from The American Heritage® Dictionary of the English Language, 4th Edition
- n. A stiff hair.
- n. A stiff hairlike structure: the bristles of a wire brush.
- intransitive v. To stand stiffly on end like bristles: The hair on the dog's neck bristled.
- intransitive v. To raise the bristles: The cat bristled at the sight of the large dog.
- intransitive v. To react in an angry or offended manner: The author bristled at the suggestion of plagiarism.
- intransitive v. To be covered or thick with or as if with bristles: The path bristled with thorns.
- transitive v. To cause to stand erect like bristles; stiffen.
- transitive v. To furnish or supply with bristles.
- transitive v. To make bristly; ruffle.
from Wiktionary, Creative Commons Attribution/Share-Alike License
- n. A stiff or coarse hair.
- n. The hair or straws that make up a brush, broom, or similar item.
- n. A humorous misspelling of Bristol, in imitation of the local dialect in the English city of that name,
- v. To be on one's guard or raise one's defenses; to react with fear, suspicion, or distance.
from the GNU version of the Collaborative International Dictionary of English
- n. A short, stiff, coarse hair, as on the back of swine.
- n. A stiff, sharp, roundish hair.
- transitive v. To erect the bristles of; to cause to stand up, as the bristles of an angry hog; -- sometimes with up.
- transitive v. To fix a bristle to.
- intransitive v. To rise or stand erect, like bristles.
- intransitive v. To appear as if covered with bristles; to have standing, thick and erect, like bristles.
- intransitive v. To show defiance or indignation.
from The Century Dictionary and Cyclopedia
- n. One of the stiff, coarse, glossy hairs of certain animals, especially those of the hog kind which are not hairless, large and thickly set along the back, and smaller and more scattered on the sides.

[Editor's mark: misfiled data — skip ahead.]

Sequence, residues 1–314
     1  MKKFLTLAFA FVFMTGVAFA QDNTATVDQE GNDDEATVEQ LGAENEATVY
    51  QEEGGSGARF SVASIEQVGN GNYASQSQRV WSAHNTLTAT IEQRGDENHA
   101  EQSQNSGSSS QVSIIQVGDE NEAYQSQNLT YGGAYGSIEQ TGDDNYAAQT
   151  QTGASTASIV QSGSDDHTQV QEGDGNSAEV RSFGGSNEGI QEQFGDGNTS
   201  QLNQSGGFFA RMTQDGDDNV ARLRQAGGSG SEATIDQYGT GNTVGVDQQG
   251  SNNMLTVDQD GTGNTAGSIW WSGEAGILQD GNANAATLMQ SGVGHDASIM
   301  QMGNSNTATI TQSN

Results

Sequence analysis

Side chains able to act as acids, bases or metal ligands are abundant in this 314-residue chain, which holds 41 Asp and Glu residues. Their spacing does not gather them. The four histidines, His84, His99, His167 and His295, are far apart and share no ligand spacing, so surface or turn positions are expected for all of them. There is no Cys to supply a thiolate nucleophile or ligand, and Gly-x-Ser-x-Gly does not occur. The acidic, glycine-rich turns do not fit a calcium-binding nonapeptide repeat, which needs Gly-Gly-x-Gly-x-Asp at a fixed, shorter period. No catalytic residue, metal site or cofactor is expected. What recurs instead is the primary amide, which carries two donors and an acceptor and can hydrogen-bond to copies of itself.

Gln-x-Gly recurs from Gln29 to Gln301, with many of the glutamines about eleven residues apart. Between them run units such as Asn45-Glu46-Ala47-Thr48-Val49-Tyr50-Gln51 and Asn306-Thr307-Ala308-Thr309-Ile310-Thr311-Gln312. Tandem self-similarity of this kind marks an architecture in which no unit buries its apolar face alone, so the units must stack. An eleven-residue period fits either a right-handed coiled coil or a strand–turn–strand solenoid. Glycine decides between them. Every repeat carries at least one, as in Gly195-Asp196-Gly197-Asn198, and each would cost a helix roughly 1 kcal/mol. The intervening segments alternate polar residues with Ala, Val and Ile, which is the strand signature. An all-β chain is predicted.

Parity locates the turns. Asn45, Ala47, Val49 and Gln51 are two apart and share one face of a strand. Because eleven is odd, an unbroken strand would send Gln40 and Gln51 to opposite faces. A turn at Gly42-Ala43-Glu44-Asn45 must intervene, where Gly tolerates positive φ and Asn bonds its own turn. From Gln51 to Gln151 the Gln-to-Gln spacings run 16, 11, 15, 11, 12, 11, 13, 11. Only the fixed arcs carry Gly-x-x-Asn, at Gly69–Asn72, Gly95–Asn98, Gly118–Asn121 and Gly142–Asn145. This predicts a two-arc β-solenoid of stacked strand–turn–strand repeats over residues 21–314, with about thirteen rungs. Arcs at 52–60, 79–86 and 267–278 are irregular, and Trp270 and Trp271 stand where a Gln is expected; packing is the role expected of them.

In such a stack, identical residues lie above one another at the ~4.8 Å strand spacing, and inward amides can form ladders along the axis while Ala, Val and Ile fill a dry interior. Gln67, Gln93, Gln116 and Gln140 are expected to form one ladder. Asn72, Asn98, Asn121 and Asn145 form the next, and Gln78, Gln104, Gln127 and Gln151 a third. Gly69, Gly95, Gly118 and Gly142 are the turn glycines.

- n. A similar appendage on some plants; a stiff, sharp hair.
- n. In dipterous insects of the division Brachycera, the arista or terminal part of the antenna.
- n. In ornithology, a bristly feather; a feather with a stout stiff stem and little or no web.
- To erect the bristles of; erect in anger or defiance, as a hog erects its bristles.
- To make bristly.
- To fix a bristle on: as, to bristle a shoemaker's thread.
- To rise up or stand on end like bristles.
- To stand erect and close together like bristles.
- To be covered, as with bristles: as, the ranks bristled with spears. See to bristle with, below.
- To manifest conspicuously: as, he bristled with excitement.
from WordNet 3.0 Copyright 2006 by Princeton University. All rights reserved.
- v. be in a state of movement or action
- v. react in an offended or angry manner
- v. rise up as in fear
- n. a stiff hair
- v. have or be thickly covered with or as if with bristles
- n. a stiff fiber (coarse hair or filament); natural or synthetic
Middle English bristel, probably from Old English *byrstel, from byrst, bristle.(American Heritage® Dictionary of the English Language, Fourth Edition)
From Middle English bristil, brustel, diminutive of brust, from Old English byrst, from Proto-Germanic *burstiz (compare Dutch borstel, German Borste ‘boar's bristle’, Icelandic burst), from Proto-Indo-European *bʰr̥stís (compare Middle Irish brostaim ‘I goad, spur’, Latin fastīgium ‘top’, Polish barszcz ‘hogweed’). (Wiktionary)